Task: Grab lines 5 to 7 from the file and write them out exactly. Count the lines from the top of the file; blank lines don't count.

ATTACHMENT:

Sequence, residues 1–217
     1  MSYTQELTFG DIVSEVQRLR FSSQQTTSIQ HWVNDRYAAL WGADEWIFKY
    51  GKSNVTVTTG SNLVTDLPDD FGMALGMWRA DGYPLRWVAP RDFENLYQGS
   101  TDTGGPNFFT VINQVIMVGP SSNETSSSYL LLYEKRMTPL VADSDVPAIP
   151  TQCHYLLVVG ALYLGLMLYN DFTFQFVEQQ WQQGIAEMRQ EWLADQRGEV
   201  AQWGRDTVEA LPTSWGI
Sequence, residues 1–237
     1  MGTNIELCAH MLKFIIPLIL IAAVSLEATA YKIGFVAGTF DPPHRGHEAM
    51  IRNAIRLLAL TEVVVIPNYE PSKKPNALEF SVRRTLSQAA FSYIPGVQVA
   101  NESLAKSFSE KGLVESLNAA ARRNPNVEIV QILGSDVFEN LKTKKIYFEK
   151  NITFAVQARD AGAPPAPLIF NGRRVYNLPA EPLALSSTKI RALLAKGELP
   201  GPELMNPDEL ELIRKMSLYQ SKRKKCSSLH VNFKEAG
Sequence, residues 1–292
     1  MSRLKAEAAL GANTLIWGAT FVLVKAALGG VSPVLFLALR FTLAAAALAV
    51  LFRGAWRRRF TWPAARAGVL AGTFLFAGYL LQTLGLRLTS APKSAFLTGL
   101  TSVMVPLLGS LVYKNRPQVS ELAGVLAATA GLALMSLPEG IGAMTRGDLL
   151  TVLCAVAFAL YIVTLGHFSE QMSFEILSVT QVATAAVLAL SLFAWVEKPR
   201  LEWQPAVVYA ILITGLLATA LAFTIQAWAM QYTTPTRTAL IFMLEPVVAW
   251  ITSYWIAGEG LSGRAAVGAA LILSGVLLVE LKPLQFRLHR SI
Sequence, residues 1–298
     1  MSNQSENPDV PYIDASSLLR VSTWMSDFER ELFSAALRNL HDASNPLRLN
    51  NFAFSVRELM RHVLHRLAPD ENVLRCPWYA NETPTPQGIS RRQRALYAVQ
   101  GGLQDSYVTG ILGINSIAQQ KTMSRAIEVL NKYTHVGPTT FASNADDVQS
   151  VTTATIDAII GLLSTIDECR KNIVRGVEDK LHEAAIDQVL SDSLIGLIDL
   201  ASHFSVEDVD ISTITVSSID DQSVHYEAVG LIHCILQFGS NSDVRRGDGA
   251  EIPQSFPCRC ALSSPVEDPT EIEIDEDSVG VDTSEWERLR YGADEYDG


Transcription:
   151  TQCHYLLVVG ALYLGLMLYN DFTFQFVEQQ WQQGIAEMRQ EWLADQRGEV
   201  AQWGRDTVEA LPTSWGI
Sequence, residues 1–237